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Am J Prev Med. 1999 Apr;16(3):216-21.

A multi-state survey of consumer food-handling and food-consumption practices.

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Food and Drug Administration, Center for Food Safety and Applied Nutrition, Washington, DC, USA.



In the United States, foodborne infections cause an estimated 6.5-33 million illnesses a year. Also included in the burden of foodborne illnesses are sequelae such as hemolytic uremic syndrome, Guillain-Barré syndrome, and reactive arthritis. Surveillance for risky food-handling and food-consumption practices can be used to identify high-risk populations, develop educational efforts, and evaluate progress toward risk reduction.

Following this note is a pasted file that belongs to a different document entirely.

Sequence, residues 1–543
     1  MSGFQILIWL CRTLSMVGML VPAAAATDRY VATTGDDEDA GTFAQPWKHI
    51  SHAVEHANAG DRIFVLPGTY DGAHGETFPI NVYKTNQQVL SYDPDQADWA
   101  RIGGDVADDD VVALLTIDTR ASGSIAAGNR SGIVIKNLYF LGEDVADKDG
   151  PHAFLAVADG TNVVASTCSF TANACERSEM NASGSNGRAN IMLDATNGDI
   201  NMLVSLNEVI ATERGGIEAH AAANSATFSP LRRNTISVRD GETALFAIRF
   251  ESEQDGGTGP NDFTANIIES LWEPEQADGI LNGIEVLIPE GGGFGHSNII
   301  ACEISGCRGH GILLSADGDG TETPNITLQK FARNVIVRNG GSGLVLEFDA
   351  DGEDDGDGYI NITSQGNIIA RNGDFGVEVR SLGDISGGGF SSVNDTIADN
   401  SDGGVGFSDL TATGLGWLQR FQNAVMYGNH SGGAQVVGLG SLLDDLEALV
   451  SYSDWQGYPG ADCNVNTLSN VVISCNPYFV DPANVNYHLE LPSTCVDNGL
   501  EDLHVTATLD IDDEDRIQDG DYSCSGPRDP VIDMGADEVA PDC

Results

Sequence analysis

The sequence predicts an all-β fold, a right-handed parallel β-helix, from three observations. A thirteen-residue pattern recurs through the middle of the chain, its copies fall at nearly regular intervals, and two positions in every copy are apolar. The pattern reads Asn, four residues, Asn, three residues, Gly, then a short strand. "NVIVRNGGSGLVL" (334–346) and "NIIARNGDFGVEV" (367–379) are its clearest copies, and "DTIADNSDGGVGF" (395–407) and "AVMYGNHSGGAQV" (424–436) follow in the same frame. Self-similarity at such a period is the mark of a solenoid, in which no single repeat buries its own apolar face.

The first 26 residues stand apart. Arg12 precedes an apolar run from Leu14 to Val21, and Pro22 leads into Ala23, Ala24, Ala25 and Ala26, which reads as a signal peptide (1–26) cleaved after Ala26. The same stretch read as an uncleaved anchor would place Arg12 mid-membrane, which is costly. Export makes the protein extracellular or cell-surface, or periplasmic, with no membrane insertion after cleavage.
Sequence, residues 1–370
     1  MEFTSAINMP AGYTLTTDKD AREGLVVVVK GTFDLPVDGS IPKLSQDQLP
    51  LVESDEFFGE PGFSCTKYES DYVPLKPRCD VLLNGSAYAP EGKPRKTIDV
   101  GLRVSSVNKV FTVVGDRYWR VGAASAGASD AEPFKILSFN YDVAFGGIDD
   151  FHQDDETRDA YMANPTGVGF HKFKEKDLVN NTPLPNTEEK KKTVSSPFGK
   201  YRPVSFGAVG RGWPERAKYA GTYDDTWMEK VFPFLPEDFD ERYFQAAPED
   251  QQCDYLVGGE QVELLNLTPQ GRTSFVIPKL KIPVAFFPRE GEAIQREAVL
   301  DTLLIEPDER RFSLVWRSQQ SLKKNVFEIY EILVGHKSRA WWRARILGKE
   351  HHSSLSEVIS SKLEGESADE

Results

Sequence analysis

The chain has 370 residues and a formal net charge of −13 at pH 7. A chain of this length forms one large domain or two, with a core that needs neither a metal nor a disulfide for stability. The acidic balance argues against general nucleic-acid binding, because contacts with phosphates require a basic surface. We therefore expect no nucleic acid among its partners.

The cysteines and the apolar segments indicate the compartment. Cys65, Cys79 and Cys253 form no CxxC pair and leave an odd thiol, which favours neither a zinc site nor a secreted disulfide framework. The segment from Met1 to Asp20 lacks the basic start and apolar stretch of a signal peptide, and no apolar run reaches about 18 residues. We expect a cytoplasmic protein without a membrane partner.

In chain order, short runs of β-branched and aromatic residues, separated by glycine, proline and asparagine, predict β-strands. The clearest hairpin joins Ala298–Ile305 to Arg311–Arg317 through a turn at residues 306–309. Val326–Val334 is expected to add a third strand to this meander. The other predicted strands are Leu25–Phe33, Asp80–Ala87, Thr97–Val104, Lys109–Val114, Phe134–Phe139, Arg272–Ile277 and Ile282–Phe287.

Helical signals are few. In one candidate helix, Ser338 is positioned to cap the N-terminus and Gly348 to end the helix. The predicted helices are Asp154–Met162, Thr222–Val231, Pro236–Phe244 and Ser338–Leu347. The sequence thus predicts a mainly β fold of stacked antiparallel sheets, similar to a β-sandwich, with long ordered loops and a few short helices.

In 1995 and 1996, Behavioral Risk Factor Surveillance System interviews of 19,356 adults in eight states (1995: Colorado, Florida, Missouri, New York, and Tennessee; 1996: Indiana, New Jersey, and South Dakota) included questions related to food-handling and/or food-consumption practices. Risky food-handling and food-consumption practices were not uncommon. Overall, 19% of respondents did not adequately wash hands or cutting boards after contact with raw meat or chicken. During the previous year, 20% ate pink hamburgers, 50% ate undercooked eggs, 8% ate raw oysters, and 1% drank raw milk. Men were more likely to report risky practices than women. The prevalence of most risky behaviors increased with increasing socioeconomic status.


Targeted education efforts may reduce the frequency of these behaviors. Periodic surveillance can be used to assess effectiveness. In addition to consumer education, prevention efforts are needed throughout the food chain including on the farm, in processing, distribution, and at retail.

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